When, where, what you had for breakfast, what you had when you were a fetus in somebody’s womb back when; what your culture has been; a little bit of what your genes are; how your brain is wired up; it depends. It depends enormously on context.

According to Sapolsky, we are a confusing mixture of impulses. Every bit of human behavior has multiple layers of causality. Everything that has happened in our lives, what goes on in our culture, and even in our history is potentially relevant. “Everything that happened a second before; to everything that happened a million years before; and everything in between.”

His personal bias is that there is no such thing as human agency or free will. What we call free will is simply the biology that hasn’t been discovered yet.  “It’s just another way of stating that we’re biological organisms determined by the physical laws of the universe.” With each passing year of insight into the biology of behavior, what we call free will gets crammed into an increasingly smaller space. At some point, it may even become nonexistent.

“We are biology all the way down. There is no soul; no Calvinistic self-discipline.” There is no real choice in what we do or say; it’s all conditioned by genetics, biology, culture, or history. We shouldn’t really be pleased when complimented by others. Nor should we be surprised by something a person does—good or bad. But curiously, he then added: “At the same time, I realize I have absolutely no idea how somebody is supposed to really believe that stuff.”

Sapolsky’s understanding of human nature leaves no room for a soul, for free will; for anything outside of biology: “We are biology all the way down.” He appears to be alluding here to a response to the unmoved mover paradox in cosmology. The metaphor uses an anecdote represented by the Earth (which is flat) sitting on the back of a World turtle, which is itself supported by an infinite column of turtles. When asked what the final turtle is standing on, the pithy response is that it is “turtles all the way down.”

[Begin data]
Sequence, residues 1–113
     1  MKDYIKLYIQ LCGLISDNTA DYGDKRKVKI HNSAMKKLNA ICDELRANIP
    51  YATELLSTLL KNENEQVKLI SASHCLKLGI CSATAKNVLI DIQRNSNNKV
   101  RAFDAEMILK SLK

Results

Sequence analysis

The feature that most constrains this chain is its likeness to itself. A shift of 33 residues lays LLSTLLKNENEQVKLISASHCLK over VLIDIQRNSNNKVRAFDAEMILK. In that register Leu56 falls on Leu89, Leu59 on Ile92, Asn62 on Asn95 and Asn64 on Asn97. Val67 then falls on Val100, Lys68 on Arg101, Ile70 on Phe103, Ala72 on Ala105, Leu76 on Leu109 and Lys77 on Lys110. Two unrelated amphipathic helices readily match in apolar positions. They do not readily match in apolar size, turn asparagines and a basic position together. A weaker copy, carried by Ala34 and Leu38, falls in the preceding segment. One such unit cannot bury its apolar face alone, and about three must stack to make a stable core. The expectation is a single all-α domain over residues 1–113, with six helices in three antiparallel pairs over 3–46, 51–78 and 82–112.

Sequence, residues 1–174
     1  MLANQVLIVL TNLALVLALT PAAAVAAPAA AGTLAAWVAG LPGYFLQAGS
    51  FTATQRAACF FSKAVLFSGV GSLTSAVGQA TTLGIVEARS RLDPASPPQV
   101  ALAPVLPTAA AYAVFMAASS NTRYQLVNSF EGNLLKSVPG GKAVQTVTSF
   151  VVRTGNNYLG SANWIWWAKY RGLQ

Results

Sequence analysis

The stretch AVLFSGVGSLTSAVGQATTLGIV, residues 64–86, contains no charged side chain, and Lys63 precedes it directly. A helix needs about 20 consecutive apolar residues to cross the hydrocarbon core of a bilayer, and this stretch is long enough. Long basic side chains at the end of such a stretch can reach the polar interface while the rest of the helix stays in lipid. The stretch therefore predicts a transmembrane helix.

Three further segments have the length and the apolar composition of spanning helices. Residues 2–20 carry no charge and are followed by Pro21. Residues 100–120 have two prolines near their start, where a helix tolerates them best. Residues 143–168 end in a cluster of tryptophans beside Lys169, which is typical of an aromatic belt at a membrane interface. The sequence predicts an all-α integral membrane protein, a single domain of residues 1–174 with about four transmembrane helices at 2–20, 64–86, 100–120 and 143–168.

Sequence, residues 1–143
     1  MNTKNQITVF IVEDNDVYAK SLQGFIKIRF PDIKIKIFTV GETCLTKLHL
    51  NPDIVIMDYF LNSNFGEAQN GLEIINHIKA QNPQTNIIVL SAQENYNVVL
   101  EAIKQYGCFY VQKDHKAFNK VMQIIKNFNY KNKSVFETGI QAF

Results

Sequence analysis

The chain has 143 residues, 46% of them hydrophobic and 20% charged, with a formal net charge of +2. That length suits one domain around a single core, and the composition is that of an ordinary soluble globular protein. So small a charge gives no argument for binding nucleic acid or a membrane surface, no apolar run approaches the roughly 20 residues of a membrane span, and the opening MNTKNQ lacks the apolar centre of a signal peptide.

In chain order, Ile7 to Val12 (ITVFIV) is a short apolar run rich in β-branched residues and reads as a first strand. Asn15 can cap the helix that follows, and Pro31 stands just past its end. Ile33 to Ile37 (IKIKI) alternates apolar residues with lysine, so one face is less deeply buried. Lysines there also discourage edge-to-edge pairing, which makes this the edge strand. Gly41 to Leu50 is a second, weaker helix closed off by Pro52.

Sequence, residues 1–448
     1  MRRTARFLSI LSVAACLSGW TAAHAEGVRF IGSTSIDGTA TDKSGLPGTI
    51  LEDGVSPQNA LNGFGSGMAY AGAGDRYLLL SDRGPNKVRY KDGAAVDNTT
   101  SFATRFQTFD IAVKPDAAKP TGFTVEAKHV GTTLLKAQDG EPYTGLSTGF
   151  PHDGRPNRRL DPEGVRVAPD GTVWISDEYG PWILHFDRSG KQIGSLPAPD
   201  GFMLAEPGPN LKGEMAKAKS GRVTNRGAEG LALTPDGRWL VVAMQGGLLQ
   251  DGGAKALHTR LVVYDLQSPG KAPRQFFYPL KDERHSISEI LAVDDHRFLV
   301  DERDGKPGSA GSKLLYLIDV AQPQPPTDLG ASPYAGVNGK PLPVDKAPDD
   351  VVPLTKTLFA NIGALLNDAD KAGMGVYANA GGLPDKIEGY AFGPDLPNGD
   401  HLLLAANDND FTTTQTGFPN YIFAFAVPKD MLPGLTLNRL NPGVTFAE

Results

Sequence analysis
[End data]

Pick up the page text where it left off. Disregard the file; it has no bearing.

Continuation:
Intellectually, he believes that what he understands from neuroscience and biology is true. But it seems he can’t consistently live with that belief.

How Do Our Experiences Rewire Our Brains and Bodies?

Moshe Szyf is a geneticist and professor of pharmacology and therapeutics at McGill University in Toronto. One of his primary research interests is with behavioral epigenetics. He described epigenetics as studying how genes are programmed. He said there is a growing consensus in the field of epigenetics that DNA alone is not sufficient to explain behavior. Szyf believes DNA has two, perhaps three identities. One is the classic sense of inheritance. Another occurs as the fetus develops in the womb of its mother.

He believes from his research there is a third-identity formed with experience, which can lead to long-term changes to the way genes are programmed. The environment is constantly changing our genes, so they have both plasticity and a fixed character. We need both aspects— the immutable and the mutable acting together. “This is the amazing paradox and challenge of life.”

DNA, he said is not merely a sequence of letters; a script of human development. It’s rather like a dynamic movie, where our experiences can be written into the movie. We have some agency, but it is split between several sources: our individuality, our family, our community, our country and the world. And there are interactions between all of these. So where does he see a place for free will?